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) -- The 14-month decline in the U.S. dollar against major currencies is scary for Americans. The U.S. has always been proud of a strong currency, and a depreciating dollar makes everything we import more expensive. While it makes our exports more attractive, goods produced here and sold abroad account for a small part of the economy.



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, however, the falling dollar helps juice earnings. In the footnotes of its second-quarter regulatory filings, Atlanta-based Coke says it made an extra $1.1 billion abroad due to currency translations. To put that in perspective, Coke posted net income of $2.05 billion during the quarter. (The currency gain is theoretical, in that the company hasn't realized it on its income statement.)

The foreign-currency variable highlights a factor in Coke's business model that should serve the company well. International diversification has made the company resilient in the face of a weak American economy.

Besides currency-translation adjustments, Coke's investments in bottlers around the world have performed well. Excluding Coca-Cola Enterprises, bottling investments for the company have been assigned a fair value of more than $3 billion above the carrying value, the worth of an asset according to its balance-sheet account balance. The network has diversified Coke's revenue streams, making North America just another competitive front.

North America accounts for more than a quarter of revenue, only surpassed by bottling income, but it makes up only 19% of operating income, less than the European Union, Pacific region and Latin America do.


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, Coke's archrival, derives more than half of revenue and operating income from the U.S. Billionaire investor Warren Buffett favors Coke over Pepsi, incidentally. He owns 8.6% of the company, the most of any investor and about the same as the combined holdings of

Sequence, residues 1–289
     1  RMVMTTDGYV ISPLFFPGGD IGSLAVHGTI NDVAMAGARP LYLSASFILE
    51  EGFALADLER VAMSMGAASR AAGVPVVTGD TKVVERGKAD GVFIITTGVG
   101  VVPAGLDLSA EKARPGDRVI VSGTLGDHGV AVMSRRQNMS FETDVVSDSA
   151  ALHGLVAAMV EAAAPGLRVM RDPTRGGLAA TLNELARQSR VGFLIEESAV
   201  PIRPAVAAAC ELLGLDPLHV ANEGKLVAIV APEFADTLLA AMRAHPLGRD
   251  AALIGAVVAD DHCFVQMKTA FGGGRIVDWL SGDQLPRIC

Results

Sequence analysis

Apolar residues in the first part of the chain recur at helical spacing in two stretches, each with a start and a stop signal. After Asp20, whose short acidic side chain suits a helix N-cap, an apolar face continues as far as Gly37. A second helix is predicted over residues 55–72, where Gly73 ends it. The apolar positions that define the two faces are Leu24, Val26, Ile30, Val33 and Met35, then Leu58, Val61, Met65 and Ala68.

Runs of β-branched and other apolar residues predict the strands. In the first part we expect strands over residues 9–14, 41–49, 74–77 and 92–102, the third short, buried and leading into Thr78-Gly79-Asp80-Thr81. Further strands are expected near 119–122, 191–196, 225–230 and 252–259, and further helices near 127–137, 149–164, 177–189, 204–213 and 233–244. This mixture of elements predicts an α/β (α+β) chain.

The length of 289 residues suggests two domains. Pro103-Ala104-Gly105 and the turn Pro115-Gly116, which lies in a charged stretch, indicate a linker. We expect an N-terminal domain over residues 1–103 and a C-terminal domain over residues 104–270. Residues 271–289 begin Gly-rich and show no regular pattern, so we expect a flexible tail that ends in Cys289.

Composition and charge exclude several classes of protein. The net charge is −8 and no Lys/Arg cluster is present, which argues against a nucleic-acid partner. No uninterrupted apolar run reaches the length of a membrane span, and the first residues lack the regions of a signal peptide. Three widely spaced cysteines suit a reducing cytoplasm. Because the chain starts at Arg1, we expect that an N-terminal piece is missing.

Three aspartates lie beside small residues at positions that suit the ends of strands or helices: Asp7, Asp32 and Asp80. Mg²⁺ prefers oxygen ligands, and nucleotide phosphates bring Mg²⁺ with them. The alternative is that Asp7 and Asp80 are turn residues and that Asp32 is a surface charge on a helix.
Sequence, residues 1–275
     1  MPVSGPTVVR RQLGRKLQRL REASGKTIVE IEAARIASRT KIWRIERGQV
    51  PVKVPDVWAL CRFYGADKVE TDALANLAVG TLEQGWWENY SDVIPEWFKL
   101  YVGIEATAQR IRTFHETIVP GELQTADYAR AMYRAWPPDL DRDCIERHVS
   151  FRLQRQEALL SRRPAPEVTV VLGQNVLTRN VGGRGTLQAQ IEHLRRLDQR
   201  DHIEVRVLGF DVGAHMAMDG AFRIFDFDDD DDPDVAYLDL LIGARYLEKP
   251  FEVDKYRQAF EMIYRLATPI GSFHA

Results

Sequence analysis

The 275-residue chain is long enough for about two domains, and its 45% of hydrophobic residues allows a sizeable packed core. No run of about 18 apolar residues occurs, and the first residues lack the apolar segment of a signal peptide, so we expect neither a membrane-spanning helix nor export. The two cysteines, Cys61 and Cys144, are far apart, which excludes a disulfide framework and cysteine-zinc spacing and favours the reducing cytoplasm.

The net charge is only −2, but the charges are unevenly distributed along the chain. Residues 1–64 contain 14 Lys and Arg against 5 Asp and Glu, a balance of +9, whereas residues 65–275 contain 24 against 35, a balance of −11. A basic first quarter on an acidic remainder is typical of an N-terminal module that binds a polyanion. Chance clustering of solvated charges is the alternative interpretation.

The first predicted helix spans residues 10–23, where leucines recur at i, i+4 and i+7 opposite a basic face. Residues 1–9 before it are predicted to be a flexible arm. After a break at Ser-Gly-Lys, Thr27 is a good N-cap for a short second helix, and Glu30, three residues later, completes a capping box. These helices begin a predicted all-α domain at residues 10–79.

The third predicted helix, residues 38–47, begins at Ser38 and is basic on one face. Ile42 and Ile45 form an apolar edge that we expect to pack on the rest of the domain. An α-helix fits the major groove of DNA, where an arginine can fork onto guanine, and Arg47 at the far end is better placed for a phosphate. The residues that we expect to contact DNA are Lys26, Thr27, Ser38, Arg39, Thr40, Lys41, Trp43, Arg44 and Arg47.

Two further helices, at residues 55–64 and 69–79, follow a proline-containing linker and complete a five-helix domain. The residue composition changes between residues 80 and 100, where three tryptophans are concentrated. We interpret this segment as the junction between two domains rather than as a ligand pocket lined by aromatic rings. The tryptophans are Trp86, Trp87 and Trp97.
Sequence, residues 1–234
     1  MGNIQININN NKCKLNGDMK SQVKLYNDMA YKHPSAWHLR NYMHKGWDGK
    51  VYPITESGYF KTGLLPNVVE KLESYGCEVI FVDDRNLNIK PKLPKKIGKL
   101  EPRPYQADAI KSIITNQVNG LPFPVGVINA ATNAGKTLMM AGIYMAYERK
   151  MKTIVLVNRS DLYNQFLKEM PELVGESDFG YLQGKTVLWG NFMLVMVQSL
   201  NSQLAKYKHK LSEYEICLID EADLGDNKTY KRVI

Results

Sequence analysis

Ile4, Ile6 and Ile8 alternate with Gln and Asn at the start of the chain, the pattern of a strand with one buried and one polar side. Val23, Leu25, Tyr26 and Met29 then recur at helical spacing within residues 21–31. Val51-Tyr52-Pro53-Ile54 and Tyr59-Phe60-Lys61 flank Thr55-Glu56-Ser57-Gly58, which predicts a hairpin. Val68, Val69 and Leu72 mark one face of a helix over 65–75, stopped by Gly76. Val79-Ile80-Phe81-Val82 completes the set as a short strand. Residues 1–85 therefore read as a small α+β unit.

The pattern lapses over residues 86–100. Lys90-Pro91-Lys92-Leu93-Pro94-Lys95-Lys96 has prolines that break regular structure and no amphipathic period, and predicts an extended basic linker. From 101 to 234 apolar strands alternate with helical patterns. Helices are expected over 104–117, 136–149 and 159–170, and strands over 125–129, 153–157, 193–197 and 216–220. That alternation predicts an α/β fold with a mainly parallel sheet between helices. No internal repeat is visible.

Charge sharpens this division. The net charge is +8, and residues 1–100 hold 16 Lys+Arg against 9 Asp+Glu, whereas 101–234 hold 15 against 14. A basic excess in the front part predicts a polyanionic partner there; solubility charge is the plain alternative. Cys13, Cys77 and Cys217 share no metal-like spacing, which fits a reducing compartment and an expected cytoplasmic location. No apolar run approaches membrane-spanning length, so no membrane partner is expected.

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Some investors may not want to be exposed to so much currency risk, a valid concern. Coke hedges its foreign-currency flows, though, with the use of derivative contracts like swaps and futures. That allows Coke to benefit from diversification while taking a small amount of currency risk.

Derivatives also allow the company to stay neutral to fluctuations in commodity prices that may hurt profits. Since most of the products sold by Coke contain some sort of corn produce, such as high-fructose corn syrup, a sharp increase in the price of corn or other products used in production could quickly pile on costs while competitive forces may make it impossible to raise prices. Commodity futures nullify a good portion of that threat and allow the company to make better forecasts based on cash-flow projections that have fewer variables.

Coke clearly has more going on than simply selling soda. A multinational corporation like this one needs to be a master of many aspects of global business besides product development and marketing. Coke carries out this work extremely well and has turned it into a competitive advantage that investors should monitor as closely as they do revenue.

When Coke reports third-quarter earnings later this month, check its foreign activities, as the dollar continues to tumble. As a result, Coke's foreign-currency operations are becoming more valuable and create a bigger moat against the threat of competition. Buffett sure knows how to pick them.

-- Reported by David MacDougall in Boston.

Prior to joining Ratings, David MacDougall was an analyst at Cambridge Associates, an investment consulting firm, where he worked with private equity and venture capital funds. He graduated cum laude from Northeastern University with a bachelor's degree in finance and is a Level III CFA candidate.